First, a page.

[show abstract][hide abstract] ABSTRACT: The very labile (decay-prone), non-biomineralized, tissues of organisms are rarely fossilized. Occurrences thereof are invaluable supplements to a body fossil record dominated by biomineralized tissues, which alone are extremely unrepresentative of diversity in modern and ancient ecosystems. Fossil examples of extremely labile tissues (e.g. muscle) that exhibit a high degree of morphological fidelity are almost invariably replicated by inorganic compounds such as calcium phosphate. There is no consensus as to whether such tissues can be preserved with similar morphological fidelity as organic remains, except when enclosed inside amber. Here, we report fossilized musculature from an approximately 18 Myr old salamander from lacustrine sediments of Ribesalbes, Spain. The muscle is preserved organically, in three dimensions, and with the highest fidelity of morphological preservation yet documented from the fossil record. Preserved ultrastructural details include myofilaments, endomysium, layering within the sarcolemma, and endomysial circulatory vessels infilled with blood. Slight differences between the fossil tissues and their counterparts in extant amphibians reflect limited degradation during fossilization. Our results provide unequivocal evidence that high-fidelity organic preservation of extremely labile tissues is not only feasible, but likely to be common. This is supported by the discovery of similarly preserved tissues in the Eocene Grube Messel biota.
Proceedings of the Royal Society B: Biological Sciences 10/2009; 277(1680):423-7. · 5.68 Impact Factor
[show abstract][hide abstract] ABSTRACT: Molecular phylogenetics is the study of evolution and relatedness of organisms or genes. Mass spectrometry is used routinely for bacterial identification and has also been used for phylogenetic analysis, for instance from bone material. Unfortunately, only a small fraction of the acquired tandem mass spectra allow direct interpretation.
We describe a new algorithm and software for molecular phylogenetics using pairwise comparisons of tandem mass spectra from enzymatically digested proteins. The spectra need not be annotated and all acquired data is used in the analysis. To demonstrate the method, we analyzed tryptic digests of sera from four great apes and two other primates.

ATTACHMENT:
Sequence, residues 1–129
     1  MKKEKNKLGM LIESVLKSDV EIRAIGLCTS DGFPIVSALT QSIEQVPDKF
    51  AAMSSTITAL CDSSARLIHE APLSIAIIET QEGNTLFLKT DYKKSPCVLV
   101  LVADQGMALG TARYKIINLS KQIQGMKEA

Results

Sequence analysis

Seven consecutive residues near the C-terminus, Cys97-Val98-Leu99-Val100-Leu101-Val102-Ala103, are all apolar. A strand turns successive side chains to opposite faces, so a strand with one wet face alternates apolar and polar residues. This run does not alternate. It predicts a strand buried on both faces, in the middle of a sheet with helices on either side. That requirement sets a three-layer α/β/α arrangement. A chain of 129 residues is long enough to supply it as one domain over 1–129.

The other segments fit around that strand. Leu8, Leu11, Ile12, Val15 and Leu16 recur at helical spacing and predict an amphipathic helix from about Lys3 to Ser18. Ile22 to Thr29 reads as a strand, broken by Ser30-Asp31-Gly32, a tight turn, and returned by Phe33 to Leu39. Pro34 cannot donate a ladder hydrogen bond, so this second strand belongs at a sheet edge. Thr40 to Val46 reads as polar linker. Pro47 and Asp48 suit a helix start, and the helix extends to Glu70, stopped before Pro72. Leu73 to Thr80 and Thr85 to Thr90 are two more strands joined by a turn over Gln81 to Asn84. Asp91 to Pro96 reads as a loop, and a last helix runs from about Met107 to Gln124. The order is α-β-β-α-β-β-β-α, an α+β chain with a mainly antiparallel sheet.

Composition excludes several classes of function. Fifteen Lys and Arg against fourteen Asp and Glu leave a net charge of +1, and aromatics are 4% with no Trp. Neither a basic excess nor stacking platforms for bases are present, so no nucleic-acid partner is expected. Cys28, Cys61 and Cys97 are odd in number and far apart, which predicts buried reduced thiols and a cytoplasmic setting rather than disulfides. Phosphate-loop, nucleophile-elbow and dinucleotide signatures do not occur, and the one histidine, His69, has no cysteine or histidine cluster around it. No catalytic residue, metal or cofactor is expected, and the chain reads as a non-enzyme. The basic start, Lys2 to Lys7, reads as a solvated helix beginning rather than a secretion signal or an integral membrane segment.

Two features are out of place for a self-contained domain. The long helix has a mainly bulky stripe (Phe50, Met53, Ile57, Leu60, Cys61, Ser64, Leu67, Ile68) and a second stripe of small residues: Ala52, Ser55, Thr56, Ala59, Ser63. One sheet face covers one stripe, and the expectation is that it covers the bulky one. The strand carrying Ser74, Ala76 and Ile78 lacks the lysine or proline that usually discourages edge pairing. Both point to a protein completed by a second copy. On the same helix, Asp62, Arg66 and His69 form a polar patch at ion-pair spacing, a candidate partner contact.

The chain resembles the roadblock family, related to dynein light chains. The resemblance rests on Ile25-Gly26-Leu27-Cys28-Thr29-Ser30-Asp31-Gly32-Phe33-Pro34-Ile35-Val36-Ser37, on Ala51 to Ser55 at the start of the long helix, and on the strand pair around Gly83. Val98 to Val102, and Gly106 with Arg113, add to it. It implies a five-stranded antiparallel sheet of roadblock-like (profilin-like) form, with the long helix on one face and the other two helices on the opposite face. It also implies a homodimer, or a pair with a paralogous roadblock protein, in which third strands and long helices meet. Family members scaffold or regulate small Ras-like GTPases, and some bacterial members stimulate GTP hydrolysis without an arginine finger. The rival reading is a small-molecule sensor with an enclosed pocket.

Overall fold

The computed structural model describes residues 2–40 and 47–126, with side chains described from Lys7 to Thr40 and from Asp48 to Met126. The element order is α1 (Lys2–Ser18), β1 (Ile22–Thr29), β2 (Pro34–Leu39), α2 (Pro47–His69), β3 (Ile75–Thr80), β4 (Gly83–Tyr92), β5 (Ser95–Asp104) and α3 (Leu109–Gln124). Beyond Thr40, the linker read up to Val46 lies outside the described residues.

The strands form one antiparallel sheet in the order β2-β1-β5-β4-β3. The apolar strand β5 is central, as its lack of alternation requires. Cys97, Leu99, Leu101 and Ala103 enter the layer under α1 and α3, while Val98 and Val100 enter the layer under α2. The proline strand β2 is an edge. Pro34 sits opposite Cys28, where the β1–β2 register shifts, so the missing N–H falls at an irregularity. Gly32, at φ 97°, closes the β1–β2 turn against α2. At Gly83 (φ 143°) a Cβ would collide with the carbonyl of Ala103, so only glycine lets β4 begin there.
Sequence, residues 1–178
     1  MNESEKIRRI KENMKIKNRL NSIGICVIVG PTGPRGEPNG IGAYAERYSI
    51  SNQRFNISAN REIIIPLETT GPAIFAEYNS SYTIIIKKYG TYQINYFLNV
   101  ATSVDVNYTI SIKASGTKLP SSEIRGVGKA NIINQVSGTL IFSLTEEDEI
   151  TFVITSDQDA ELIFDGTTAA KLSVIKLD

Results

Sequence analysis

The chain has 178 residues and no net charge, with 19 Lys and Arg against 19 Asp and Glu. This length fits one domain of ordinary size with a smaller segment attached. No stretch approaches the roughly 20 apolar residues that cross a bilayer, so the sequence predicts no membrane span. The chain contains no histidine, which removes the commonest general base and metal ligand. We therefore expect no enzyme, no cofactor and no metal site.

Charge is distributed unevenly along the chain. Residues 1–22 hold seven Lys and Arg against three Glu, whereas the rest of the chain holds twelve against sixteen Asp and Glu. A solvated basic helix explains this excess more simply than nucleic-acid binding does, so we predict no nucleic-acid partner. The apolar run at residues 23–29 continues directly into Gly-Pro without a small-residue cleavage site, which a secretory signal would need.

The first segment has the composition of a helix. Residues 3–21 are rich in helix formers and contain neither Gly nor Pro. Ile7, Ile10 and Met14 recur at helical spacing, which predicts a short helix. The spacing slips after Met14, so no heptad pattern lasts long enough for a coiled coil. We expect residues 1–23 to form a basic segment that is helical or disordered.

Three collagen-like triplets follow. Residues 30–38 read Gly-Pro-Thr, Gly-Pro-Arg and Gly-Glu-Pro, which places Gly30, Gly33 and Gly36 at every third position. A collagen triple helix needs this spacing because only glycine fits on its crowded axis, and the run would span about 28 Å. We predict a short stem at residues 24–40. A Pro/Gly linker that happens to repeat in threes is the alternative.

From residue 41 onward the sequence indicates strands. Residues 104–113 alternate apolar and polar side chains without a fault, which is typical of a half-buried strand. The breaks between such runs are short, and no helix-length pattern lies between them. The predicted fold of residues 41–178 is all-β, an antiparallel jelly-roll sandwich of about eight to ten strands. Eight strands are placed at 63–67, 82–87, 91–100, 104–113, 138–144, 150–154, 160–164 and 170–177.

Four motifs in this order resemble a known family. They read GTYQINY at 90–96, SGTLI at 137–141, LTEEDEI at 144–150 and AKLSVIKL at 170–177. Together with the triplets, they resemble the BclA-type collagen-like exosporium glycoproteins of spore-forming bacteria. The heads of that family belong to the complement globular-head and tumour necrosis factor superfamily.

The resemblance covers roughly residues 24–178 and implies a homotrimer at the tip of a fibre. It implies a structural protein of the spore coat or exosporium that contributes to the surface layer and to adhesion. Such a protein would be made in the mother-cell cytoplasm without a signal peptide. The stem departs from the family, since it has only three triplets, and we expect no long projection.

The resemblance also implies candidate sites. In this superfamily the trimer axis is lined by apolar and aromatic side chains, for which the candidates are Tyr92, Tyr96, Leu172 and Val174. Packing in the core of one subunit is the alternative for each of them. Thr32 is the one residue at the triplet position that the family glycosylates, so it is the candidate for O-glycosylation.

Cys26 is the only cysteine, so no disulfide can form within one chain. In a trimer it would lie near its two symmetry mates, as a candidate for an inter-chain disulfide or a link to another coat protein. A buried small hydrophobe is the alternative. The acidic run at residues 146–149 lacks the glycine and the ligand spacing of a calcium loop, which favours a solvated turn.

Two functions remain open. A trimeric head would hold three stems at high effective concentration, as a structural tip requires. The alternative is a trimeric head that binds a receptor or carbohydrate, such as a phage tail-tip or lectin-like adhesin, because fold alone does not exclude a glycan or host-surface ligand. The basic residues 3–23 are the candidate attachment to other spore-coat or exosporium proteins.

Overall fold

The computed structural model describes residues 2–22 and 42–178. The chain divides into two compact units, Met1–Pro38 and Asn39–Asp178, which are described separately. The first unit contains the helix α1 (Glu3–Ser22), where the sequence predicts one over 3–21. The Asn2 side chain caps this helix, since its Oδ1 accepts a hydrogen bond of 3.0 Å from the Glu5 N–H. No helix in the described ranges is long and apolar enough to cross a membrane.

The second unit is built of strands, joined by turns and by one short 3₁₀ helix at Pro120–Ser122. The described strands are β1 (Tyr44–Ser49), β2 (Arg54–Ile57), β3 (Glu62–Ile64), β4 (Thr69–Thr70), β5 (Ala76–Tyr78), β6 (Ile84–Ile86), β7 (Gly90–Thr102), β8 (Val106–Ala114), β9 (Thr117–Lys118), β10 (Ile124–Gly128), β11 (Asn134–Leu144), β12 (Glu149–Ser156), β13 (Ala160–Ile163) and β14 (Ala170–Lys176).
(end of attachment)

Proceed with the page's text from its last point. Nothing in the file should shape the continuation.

The distribution of spectra dot products for thousands of tandem mass spectra collected from two samples provides a measure on the fraction of shared peptides between the two samples. When inverted, this becomes a distance metric. By pairwise comparison between species and averaging over four individuals per species, it was possible to reconstruct the unique correct phylogenetic tree for the great apes and other primates.
The new method described here has several attractive features compared with existing methods, among them simplicity, the unbiased use of all acquired data rather than a small subset of spectra, and the potential use of heavily degraded proteins or proteins with a priori unknown modifications.
Rapid Communications in Mass Spectrometry 04/2012; 26(7):728-32. · 2.51 Impact Factor
[show abstract][hide abstract] ABSTRACT: The identification of fur origins from the 5300-year-old Tyrolean Iceman's accoutrement is not yet complete, although definite identification is essential for the socio-cultural context of his epoch. Neither have all potential samples been identified so far, nor there has a consensus been reached on the species identified using the classical methods. Archaeological hair often lacks analyzable hair scale patterns in microscopic analyses and polymer chain reaction (PCR)-based techniques are often inapplicable due to the lack of amplifiable ancient DNA. To overcome these drawbacks, a matrix-assisted laser desorption/ionization time-of-flight mass spectrometry (MALDI-TOF MS) method was used exclusively based on hair keratins. Thirteen fur specimens from his accoutrement were analyzed after tryptic digest of native hair. Peptide mass fingerprints (pmfs) from ancient samples and from reference species mostly occurring in the Alpine surroundings at his lifetime were compared to each other using multidimensional scaling and binary hierarchical cluster tree analysis. Both statistical methods highly reflect spectral similarities among pmfs as close zoological relationships. While multidimensional scaling was useful to discriminate specimens on the zoological order level, binary hierarchical cluster tree reached the family or subfamily level. Additionally, the presence and/or absence of order, family and/or species-specific diagnostic masses in their pmfs allowed the identification of mammals mostly down to single species level. Red deer was found in his shoe vamp, goat in the leggings, cattle in his shoe sole and at his quiver's closing flap as well as sheep and chamois in his coat. Canid species, like grey wolf, domestic dog or European red fox, were discovered in his leggings for the first time, but could not be differentiated to species level. This is widening the spectrum of processed fur-bearing species to at least one member of the Canidae family. His fur cap was allocated to a carnivore species, but differentiation between brown bear and a canid species could not be made with certainty.
Rapid Communications in Mass Spectrometry 08/2012; 26(16):1735-45. · 2.51 Impact Factor
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